The caption 'After Hiromichi Mine' places Claerbout’s video animation in reference to Mines press photograph, and thus comments on the relation between original and remake. But taken literally, 'after Mine' indicates a relation of time. Thirty years after Mine, Claerbout, the Requiem print in his hand and the idea of its reconstruction in his mind, travelled to the historical site. The question of time is important: Claerbout’s pilgrimage to the very location of the crash reminds us of Tacita Dean's audio piece, Trying to Find the Spiral Jetty (1997), which pretends to document her attempted search for Robert Smithson's famous Land art piece, following the precise instructions that the artist left to locate the Spiral jetty. Just like the doubtful faithfulness of Claerbout’s Reconstruction after Hiromichi Mine is part of the piece, 'Trying to Find the Spiral Jetty’ instills a doubt regarding its own authenticity. As Michael Newman put it in 'Tacita Dean's Seven Books, Book Seven, 'How to know whether what we are listening to is the truthful recording of a search? This 'recording, could it be, partly or integrally, a fictional construction or a reconstruction based on audio effects?' (2001 21).

While in Trying to Find the Spiral Jetty, 'it appears that the enactment of the instructions is more important than the attainment of the goal' (Cruz 1999: 76), for Vietnam there were no such instructions except Mines photograph, In both cases, however, the goal, that is, the exact point of view, was out of reach for quite similar reasons. In the case of Dean, the Spiral Jetty was out of reach not because of the rise of the water level on the lake, but simply because the image which made the fame of the piece was shot from the sky (a position unattainable by Dean, who searched for it by walking on the ground).10 ln the case of Claerbout, the exact location of the image was out of reach because the landscape had in the meantime been changed by the Americans, so that the position from which Mine had shot his image no longer existed. Both Dean and Mine were looking for an impossible point of view.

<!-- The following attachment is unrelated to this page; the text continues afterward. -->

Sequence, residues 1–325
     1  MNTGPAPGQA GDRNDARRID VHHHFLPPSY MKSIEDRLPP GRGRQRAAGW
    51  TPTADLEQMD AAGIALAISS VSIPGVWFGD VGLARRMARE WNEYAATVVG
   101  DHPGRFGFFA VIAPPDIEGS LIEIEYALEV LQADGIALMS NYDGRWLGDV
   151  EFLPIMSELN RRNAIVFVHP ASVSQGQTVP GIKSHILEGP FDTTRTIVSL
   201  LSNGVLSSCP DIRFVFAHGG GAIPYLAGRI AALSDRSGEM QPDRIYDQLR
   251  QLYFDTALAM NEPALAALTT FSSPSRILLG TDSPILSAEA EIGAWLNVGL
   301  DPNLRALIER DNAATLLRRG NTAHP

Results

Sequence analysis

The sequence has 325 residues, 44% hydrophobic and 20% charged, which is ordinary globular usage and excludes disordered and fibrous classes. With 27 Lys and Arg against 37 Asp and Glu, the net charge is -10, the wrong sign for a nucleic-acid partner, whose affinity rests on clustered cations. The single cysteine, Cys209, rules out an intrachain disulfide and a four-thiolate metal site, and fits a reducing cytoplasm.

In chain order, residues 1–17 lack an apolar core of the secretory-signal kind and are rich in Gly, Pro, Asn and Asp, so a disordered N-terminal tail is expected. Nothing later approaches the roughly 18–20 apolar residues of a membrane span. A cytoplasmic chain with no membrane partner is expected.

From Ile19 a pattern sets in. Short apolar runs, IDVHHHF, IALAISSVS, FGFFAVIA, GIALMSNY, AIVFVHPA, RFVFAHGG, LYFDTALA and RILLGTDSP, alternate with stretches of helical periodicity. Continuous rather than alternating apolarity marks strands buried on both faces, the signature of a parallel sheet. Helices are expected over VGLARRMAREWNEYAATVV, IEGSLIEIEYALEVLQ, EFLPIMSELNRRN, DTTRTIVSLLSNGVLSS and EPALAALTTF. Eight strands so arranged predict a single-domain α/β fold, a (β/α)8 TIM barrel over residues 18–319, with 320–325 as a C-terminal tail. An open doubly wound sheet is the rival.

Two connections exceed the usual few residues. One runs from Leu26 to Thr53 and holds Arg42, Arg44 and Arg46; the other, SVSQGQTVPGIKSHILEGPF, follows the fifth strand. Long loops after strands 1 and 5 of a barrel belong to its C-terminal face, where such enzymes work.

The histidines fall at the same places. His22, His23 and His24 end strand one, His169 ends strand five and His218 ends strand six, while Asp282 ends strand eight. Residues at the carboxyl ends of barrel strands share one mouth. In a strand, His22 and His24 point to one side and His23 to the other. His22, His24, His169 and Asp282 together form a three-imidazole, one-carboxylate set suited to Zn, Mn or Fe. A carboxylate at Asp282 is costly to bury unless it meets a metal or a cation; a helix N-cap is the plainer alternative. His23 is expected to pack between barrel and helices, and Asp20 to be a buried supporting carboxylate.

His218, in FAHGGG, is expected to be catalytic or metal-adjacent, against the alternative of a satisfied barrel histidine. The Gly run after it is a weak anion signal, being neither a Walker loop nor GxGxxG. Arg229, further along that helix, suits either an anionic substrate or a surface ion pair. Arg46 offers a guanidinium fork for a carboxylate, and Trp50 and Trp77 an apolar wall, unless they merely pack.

But even if Dean had found the Spiral Jetty, and even if Claerbout had found the exact position from which Mine had taken his photograph, that is even if the geographical and visual difference had been reduced to zero, the temporal difference would always have weighed on the reconstruction. In both cases, the delay between the initial act (of making an earthwork, of making an image) and the act of its intended re-enactment is approximately 30 years. In this sense, what both pieces bring forth is what we could call an aesthetics of disillusion. They show (or give to hear) the impossible congruence of past and present; This disillusion is evidently also the disillusion of the photographic document - a disillusion that Claerbout’s piece overcomes at the same time in the confluence of present and past as digital image (as digitally screened video signal), generating what we propose to call a photographic now. (We will come back to that at the end of this chapter.)

Contrary to Dean, whose piece proves that she was unable to find the location of the Spiral Jetty at all, Claerbout claims that he found the location of the American base, but was unable to reconstruct the exact position from which Mine had taken his famous photograph. While Dean's piece is the audio story of her unaccomplished search, Claerbouts piece is the video story of his unaccomplished find, an unaccomplishment that constitutes in both cases the accomplishment of the work itself.

But Claerbout’s video story is primarily a video story about a still image, And we cannot help but yet again draw a parallel with Chris Marker's photo-novel, La Jetée, If in film and video moving images convey the illusion of movement, the use of still images to create a film or a video immediately introduces a medium-reflexive and ultimately time-reflexive element. While in La Jetée, the story itself (a time-travel story) is time-reflexive Vietnam is time-reflexive both in terms of content (the time difference between the historical and the present parts of the image, the passing of time while watching the piece) and concept (digitalization affording this coming together of present and past in one single image). Both works have a similar concern: not only to counter the filmic illusion of movement and temporality via the still image, but to question the linearity of time as such, its successive distribution into a past that no longer is a present that is now and a future that is not yet.

If La Jetée perfectly fits Liv Hausken's definition of the slide-motion film, ‘as a particular form of stasis within the field of moving images' (2011: 91), to describe Vietnam as a conjuncture of photography and film in which neither ever loses its specificity', as David Green has put it (ibid.), leaves aside the impact of digital image processing at play in both the production of Claerbout's video animation and its display. What intersects on the screen is not the photographic and the filmic images it is only their respective evocation in the form of the digital image, What the screen shows is an image that is already one step beyond medium specificity. Green interprets Vietnam as presenting, with the still photograph and the moving image, two conflicting modes of representation (ibid.). But Vietnam is already indifferent to this conflict. As a digital moving image collage, it pertains to the photographic now, which is characterized by the new modes of production and display induced by digital postproduction and screening, and by the new fluctuating temporality of the image fostered by digital image processing and display.